There are those at SSU who do not really understand what Occupy is all about. Even more common are those students who understand why Occupy protestors are mad, but cannot see what can be done to alleviate the issues. This is due in part to the failure of the mainstream media to address the issues fueling the movement. But in an age where information is so readily available, this can no longer be an excuse. Young people must begin actively seeking out sources of news and information that fall outside the corporate mainstream in order to ensure that they are accurately informed. New sources such as Media Freedom International, Daily Censored, and Project Censored all include stories or issues not covered by the corporate media.
In Peter Phillips’ Political Sociology class, we are encouraged to do just that. During last week’s class we utilized the information we have been reading in non-corporate media sources as well as topics discussed in class to collectively compile a list of the top ten actions that we feel would most effectively address the issues that inspired the Occupy Movement. We decided that these ten actions were the most important and/or effective methods to implement change:
1. Tax the rich: Those who make more should be taxed at a higher percentage rate, in order to subsidize the needs of the community such as schools, roads, and other public services.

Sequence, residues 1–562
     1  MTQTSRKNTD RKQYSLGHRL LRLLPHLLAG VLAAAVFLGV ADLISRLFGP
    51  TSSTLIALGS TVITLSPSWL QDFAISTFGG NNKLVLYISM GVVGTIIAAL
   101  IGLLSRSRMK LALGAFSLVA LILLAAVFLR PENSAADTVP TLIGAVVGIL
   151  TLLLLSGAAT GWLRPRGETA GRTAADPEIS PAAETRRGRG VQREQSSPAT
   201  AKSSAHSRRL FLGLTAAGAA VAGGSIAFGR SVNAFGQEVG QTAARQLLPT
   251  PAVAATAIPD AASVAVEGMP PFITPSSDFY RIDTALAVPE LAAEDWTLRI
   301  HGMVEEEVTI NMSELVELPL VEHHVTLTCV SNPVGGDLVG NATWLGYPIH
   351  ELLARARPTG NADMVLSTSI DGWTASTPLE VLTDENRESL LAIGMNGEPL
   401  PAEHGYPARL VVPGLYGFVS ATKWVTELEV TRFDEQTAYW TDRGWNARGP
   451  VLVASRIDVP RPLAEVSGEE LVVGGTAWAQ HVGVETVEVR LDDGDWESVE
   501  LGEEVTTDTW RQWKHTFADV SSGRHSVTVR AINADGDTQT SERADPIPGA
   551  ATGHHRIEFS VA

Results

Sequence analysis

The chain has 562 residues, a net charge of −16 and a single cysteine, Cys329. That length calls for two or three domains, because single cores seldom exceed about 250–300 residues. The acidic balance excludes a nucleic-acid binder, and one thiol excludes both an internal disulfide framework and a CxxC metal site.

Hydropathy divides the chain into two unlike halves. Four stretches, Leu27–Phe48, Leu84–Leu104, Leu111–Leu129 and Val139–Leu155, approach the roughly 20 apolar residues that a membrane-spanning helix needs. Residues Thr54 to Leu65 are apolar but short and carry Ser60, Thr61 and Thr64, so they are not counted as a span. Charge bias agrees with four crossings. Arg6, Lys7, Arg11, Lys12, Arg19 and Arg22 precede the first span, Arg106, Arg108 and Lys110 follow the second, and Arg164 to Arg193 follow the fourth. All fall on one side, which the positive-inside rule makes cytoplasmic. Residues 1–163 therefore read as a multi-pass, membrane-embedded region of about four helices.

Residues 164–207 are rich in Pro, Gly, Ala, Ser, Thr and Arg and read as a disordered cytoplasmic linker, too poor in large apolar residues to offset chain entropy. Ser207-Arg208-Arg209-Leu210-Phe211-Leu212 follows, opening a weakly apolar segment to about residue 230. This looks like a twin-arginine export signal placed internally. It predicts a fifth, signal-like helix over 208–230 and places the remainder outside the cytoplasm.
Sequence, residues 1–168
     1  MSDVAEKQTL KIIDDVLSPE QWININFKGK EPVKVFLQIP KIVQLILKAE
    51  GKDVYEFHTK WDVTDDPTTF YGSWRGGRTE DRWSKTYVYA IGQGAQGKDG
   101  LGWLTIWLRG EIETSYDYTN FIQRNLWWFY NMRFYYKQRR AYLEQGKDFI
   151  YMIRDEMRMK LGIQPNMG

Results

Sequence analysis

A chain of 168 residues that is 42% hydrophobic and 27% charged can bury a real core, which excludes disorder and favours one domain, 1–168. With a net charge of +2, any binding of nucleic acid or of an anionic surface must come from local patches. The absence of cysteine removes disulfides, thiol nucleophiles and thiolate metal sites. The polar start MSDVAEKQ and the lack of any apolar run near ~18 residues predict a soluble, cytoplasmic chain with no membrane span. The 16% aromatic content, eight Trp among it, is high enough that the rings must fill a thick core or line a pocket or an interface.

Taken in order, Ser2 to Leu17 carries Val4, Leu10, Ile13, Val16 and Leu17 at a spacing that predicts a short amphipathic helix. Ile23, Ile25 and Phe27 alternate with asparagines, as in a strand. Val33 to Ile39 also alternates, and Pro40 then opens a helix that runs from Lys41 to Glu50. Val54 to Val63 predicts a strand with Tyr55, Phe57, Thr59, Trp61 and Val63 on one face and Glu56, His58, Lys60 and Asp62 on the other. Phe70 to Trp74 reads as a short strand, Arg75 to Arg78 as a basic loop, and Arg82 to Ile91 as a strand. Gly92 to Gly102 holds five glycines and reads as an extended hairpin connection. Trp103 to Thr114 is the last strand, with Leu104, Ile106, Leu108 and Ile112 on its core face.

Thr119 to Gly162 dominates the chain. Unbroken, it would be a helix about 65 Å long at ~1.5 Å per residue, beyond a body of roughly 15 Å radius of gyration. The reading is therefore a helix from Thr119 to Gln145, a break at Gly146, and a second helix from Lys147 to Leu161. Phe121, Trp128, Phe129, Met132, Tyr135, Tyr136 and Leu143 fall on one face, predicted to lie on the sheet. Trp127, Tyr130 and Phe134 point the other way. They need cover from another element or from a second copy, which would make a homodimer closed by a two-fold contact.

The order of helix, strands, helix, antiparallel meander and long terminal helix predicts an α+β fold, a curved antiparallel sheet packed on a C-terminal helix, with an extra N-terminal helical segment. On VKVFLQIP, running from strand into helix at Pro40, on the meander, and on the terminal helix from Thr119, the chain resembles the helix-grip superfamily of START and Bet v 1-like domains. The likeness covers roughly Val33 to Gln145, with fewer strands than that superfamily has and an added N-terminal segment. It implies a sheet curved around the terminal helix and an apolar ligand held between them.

2. Protect Social Security and Education: We feel that these suffering institutions are too integral to the health and welfare of the American people to be under prioritized for the sake of funding corporate bailouts and wars in the Middle East.
3. Keep U.S. Jobs local: Regulate corporations so that they may not outsource cheap labor in less developed countries. It is unethical because foreign workers are being paid far less than they need to survive while CEO’s pocket the dividends. It is also impractical because we desperately need jobs here in the U.S.
4. Socialize healthcare: Healthcare should be regarded as a basic human right, not a luxury exclusively for the rich. The U.S. is the only developed nation that does not recognize basic health care (emergency as well as preventative) as such.
5. Ensure affordable higher education: In a world where a college education is becoming a necessity to sustain a basic standard of living, we need to ensure that higher education is affordable for everyone.
6. End our dependence on oil: Our dependence on oil makes lawmakers defenseless to the wills of big oil companies, whose lobbyists aggressively shutdown any efforts toward green initiatives or funding for alternative energy sources.
7. No private military money: Private financiers are striking it rich by investing in the military-industrial complex. Their lobbyists influence lawmakers as well, making it even harder to get out of a pointless war that is costing taxpayers billions.
8. Full transparency of government spending: Americans have a right to know where their tax dollars are being spent.
9. Human rights should be a top priority for the government as well as corporations: The government should regulate corporations to ensure that CEOs aren’t making a fortune at the expense of their workers.
10. End corporate funding of campaigns: The corporate funding of election campaigns creates a system in which corporations hold more sway than the public in influencing lawmakers’ decisions.
As we were making this list a student behind me skeptically remarked, “None of this will ever happen”. And he’s right. None of this can ever happen if we don’t stand up and make it happen. Believe it or not, your voice matters. As a campus we can play an integral part in enacting these changes locally as well as nationally. So let’s stand up and fight. We are the 99%.